Those who disparage Equestria Girls are looking at the situation all wrong. Don't think of it as Hasbro whoring out MLP to make a quick buck. Equestria Girls follows the mantra of "ponify all the things."
Can we all agree that ponies makes everything better? I watched some episodes of Monster High. They weren't very good. It made me appreciate how much effort seems to have gone into Equestria Girls. This movie appears to be fusing girly highschool "drama" with the heart of Friendship is Magic.
Do I think Equestria Girls will be as good as Friendship is Magic? No, but let's try looking at it from another perspective.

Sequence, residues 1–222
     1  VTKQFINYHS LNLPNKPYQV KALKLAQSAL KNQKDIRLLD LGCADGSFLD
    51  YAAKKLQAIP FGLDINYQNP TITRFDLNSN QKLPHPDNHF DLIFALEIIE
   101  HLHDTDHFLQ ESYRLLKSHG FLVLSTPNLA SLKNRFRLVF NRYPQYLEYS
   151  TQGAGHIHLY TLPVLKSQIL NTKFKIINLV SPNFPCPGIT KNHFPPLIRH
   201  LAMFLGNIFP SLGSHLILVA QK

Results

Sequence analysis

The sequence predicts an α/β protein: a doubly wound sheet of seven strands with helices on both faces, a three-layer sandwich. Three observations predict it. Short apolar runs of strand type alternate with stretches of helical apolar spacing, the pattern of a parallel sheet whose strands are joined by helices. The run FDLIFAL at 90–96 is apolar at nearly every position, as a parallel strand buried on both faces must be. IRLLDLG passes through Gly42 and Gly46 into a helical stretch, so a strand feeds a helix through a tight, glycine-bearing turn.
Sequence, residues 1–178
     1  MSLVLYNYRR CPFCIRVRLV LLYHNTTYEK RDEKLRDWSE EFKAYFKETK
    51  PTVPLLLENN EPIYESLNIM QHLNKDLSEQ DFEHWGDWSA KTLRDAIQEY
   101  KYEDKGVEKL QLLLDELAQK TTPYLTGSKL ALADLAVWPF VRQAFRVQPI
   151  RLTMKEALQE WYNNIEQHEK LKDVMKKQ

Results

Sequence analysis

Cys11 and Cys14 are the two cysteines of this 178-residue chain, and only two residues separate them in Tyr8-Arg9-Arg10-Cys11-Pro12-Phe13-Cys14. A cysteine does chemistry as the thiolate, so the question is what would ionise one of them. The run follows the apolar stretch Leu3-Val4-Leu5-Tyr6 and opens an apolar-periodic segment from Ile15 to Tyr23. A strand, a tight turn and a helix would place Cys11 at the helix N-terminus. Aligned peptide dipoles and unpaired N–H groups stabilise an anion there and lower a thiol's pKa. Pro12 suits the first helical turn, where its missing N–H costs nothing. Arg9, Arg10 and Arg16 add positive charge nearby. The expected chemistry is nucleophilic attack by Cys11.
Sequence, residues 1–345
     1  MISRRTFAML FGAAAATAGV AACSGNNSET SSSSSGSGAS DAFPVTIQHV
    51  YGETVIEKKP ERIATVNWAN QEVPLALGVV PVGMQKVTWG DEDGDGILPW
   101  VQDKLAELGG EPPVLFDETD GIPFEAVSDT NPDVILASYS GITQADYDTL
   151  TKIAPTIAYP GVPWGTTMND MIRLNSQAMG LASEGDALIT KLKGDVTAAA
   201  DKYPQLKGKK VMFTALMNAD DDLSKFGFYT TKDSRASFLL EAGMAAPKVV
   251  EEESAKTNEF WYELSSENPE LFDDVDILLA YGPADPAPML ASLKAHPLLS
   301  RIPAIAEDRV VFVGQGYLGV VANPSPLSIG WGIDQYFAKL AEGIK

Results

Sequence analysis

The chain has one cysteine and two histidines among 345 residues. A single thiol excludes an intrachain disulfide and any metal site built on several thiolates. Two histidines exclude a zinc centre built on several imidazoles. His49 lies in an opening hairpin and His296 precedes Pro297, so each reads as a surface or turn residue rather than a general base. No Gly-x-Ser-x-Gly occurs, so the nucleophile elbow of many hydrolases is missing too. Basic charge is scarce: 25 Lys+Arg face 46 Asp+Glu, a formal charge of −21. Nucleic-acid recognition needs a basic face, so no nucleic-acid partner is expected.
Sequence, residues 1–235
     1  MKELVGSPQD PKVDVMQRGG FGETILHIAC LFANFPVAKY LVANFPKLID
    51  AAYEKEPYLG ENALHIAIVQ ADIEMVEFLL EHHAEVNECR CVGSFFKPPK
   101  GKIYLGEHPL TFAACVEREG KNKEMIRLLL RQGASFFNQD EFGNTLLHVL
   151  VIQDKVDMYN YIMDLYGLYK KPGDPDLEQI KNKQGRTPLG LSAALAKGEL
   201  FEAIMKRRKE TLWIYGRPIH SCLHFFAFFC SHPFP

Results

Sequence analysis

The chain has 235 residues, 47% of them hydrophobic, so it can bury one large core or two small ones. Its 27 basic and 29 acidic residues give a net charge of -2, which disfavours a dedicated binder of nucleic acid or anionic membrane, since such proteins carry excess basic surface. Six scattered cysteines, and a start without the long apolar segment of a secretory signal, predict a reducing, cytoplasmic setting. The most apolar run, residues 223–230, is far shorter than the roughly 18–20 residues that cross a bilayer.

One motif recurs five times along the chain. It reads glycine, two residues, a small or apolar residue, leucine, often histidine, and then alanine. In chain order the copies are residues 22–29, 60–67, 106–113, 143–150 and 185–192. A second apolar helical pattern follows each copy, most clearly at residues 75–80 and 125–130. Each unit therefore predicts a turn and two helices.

What did Friendship is Magic do? It elevated a whole genre of children's entertainment. Suddenly, "programs for girls" were no longer synonymous for "programs that suck." My Little Pony changed that.
Now, the same creative team aims to do something similar with another maligned genre: The highschool drama.
Much like what Friendship is Magic did for shows targeted towards young girls, I believe that Equestria Girls will elevate the mediocre genre of highschool drama into something new and wonderful.
TL:DR Mattel owns Barbie, Monster High and American Girl. Hasbro wants their own line of dolls, so we're stuck with Equestria Girls. My hope is that the humanized versions of MLP are able to revitalize the stagnant genre of Highschool drama. Hopefully, this new series will cause people to change their perspectives, in a similar fashion to how Friendship is Magic redefined what cartoon shows for little girls could be.